This is the craziest PG-13 I've ever seen. The language pushes it as far as it can go. Like, I was thinking that this movie was a hard R based on the language alone. But also, there's child abuse and endangerment, prostitution (implied), and an insane amount of alcohol abuse. There's also some messed up health issues that aren't easy to watch. But I'm rarely going to fight the PG-13 rating of something. Color me more shocked than appalled.
DIRECTOR: Benh Zeitlin
This might have been the movie I was wildly obsessed with when it came out and thought that it would change the face of cinema, but was forgotten to history pretty quickly. It was 2012's Nomadland for me. But when my wife was "meh" about it, I started to question if we watched the same movie. I haven't really had the opportunity to rewatch it since then. But now that I've rewatched it, it still completely crushed me in the same way that it did in 2012. Have I not grown? Is everyone else wrong? Maybe just my read on the cultural zeitgeist is wrong. Regardless, this movie still really impressed me.
Again, I'm the guy who always has daddy issues. (Remind me: I need to call my mom.) These are the movies that absolutely crush me and they always have, regardless of the kinds of fathers they are. Wink is not my dad. He's nothing like my dad. But Wink is unique in the canon of cinema for me. Fathers like Wink tend to be all good or all bad. Wink is complicated as heck for me. (I'm kind of talking about Wink early so I can really invest in Hushpuppy later because this is her story.) There are characters that deal with mental health issues who gain sympathy mainly because much of their behavior is not their absolute fault. But these characters rarely come across as both noble and despicable. Wink seems to be dealing with schizophrenia. I'm diagnosing him myself. Don't worry. It's okay. He's a fictional character. At least, he is bipolar coupled with the fact that he might have leukemia. Zeitlin portrays Wink initially from a point of love. He's a poor man with a child who gives her the best life he can afford. The famous shot of Hushpuppy running down the Bathtub double-streamers flying has this shot of Wink smiling at his daughter's joy. We're meant to like Wink. But then Wink comes back and we have something very similar to To Kill a Mockingbird.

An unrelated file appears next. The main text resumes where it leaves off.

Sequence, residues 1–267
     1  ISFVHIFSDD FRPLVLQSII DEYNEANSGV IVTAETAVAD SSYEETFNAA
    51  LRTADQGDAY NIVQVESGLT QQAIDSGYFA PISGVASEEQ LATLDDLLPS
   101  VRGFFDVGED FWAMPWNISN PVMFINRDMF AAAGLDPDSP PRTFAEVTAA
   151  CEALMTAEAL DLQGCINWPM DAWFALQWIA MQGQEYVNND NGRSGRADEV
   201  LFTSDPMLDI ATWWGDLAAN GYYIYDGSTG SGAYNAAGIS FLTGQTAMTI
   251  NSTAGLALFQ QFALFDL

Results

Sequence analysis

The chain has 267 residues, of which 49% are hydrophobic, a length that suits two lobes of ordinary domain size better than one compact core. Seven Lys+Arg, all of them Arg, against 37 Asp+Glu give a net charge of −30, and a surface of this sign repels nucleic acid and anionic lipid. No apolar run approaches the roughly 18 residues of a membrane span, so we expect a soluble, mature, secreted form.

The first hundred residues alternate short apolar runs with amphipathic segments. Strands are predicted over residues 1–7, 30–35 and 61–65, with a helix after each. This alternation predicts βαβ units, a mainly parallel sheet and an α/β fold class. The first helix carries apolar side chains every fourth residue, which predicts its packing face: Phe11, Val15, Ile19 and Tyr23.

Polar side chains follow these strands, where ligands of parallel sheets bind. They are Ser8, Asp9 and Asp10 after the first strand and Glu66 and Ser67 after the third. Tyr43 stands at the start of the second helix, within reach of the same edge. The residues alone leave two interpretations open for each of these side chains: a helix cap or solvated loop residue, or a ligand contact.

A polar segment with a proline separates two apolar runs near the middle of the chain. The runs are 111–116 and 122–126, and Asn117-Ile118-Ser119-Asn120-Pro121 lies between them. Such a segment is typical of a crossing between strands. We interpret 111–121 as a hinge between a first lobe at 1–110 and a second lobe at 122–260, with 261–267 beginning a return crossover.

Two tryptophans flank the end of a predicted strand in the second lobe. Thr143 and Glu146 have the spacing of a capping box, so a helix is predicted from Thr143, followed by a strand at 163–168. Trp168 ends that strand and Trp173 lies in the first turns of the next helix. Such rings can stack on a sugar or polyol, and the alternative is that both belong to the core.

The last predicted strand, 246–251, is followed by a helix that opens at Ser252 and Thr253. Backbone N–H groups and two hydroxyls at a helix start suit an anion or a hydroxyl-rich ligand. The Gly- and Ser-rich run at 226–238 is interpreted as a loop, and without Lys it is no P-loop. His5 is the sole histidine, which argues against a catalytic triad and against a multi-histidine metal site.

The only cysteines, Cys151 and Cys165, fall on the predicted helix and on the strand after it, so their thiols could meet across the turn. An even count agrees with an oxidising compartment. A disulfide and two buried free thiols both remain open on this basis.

With To Kill a Mockingbird, we can only understand adulthood from the perspective of Scout, who can only apply a child's knowledge to the tragic events surrounding her. Similarly, Hushpuppy views her father in extremes. Wink is either the best father in the world or he's a toxic mess. When Hushpuppy finds her father garbed in a hospital robes after being abandoned for days, Zeitlin leaves us in the dark in regards to what is actually happening with Wink. But we see him almost as a different human being. Wink is now obsessed with drinking. His anger causes Hushpuppy to burn her home down and almost die in the ensuing fire. Wink's reaction to this is both absolute love and absolute hatred for this girl. He saved her, but also feels this need to destroy her simultaneously. We, as the audience, can quickly understand that Wink is dying. (Mind you, it is at the same point that Hushpuppy comes to the same conclusion, so the film doesn't break its own rules.) There's that sacrificial love that is too immature to be formed into something productive.
Because the Wink of the beginning of the movie is fading and being corrupted by illness, Hushpuppy is forced to reconcile reality with the fictional world that Wink has created for her. (I told you that I could transition this into something about Hushpuppy.) Sweet Tooth on Netflix did the same thing, if you want to watch something else with a similar idea. But that's when the image of the Beasts chasing Hushpuppy keeps happening. The metaphor there is cool, but also a little muddied. For a long time in the movie, the Beasts seem like fate or death. I probably could even stay that with that breakdown. Wink's slow fading away is the Beast being unearthed. Similarly, the Beasts are climate change, leading to the toxicity of the Bathtub due to Man's poor stewardship of the Earth. But there's one shot where the Beasts are chasing the four girls. The three girls scream and Hushpuppy simply confronts the Beast. It is in this moment that I believe that the Beasts represent her womanhood. She has abandoned the years of her ignorance and dependence on a man and instead takes her fate into her own hands. The other three girls are not in the same mental space as Hushpuppy, so they continue screaming. However, Hushpuppy, with the impending death of Wink, has learned that her father cannot be trusted.